Saturday, August 24, 2013
Armed with a bucket of expensive lobworms the first session on Wednesday saw me fishing a shallow spot with baits cast over carpets of maggots on the weed edge. It didn't take long for the eels to find the worms. And so began a few hours of falling bobbins, peeling line and failed strikes.
One time I did manage to feel an eel on the end of the line when I thought a passing swan had dislodged the bobbin. On taking hold of then line to put it back in the clip I felt a sharp tug and struck. Missed again. The bites were coming thick and fast. So much so that baits were being picked up almost as soon as they settled and I gave up trying to keep count at a dozen. One recast saw me struggling to get the line in the drop-off as an eel tried to make off with the bait.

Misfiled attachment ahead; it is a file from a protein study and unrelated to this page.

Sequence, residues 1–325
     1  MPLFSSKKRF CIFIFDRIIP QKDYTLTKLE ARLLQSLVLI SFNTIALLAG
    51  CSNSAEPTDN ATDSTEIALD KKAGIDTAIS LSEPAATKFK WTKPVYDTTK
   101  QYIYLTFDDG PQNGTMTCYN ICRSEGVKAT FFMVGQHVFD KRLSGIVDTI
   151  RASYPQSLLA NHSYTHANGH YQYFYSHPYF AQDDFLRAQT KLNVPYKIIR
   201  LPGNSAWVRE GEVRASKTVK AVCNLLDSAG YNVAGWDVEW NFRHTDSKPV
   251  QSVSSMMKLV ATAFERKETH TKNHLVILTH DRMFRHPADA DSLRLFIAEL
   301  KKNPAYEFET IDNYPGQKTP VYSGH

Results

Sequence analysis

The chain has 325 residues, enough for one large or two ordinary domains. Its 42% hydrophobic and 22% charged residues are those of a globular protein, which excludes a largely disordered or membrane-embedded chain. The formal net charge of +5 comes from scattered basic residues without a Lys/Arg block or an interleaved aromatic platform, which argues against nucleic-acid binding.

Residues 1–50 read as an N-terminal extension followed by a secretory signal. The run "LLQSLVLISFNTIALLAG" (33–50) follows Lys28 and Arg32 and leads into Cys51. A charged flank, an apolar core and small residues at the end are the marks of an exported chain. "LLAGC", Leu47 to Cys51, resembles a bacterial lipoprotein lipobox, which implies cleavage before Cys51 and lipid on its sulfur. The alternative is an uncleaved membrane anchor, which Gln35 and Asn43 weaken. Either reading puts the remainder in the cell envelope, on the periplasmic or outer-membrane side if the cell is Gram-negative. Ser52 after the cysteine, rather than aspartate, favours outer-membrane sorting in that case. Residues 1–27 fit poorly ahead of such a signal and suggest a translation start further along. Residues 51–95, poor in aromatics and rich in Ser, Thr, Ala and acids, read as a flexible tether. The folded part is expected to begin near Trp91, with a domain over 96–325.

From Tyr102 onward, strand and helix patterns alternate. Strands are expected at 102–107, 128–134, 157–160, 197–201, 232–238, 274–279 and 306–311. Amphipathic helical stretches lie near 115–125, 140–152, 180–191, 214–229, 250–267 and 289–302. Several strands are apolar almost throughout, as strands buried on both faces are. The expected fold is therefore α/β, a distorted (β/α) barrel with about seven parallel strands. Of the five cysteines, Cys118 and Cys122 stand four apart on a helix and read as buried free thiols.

It was a warm, warm evening with no need for the fleece, and Thursday evening was warmer still with no need for a sweatshirt, even when a shower of rain came over just as the first run commenced. For this session I thought that getting away from the weed and leaving the maggots at home might find me some eels with bigger mouths, more able to manage a big lob.
The baits were both fished in the margins to start with, that first run being hit and a bootlace of maybe half a pound landed. That wasn't the start of such hectic action as the day before. Not until the right hand rod was cast a bit further out did runs started coming frequently, but at manageable intervals. As the light faded the margin rod began getting attention until it got dark when the action ceased on both rods.
I ended up with three identically sized eels for my efforts - which was an improvement over the first session despite doing nothing differently. As always seems to be the case when fishing for eels, each session throws up at least as many questions as answers.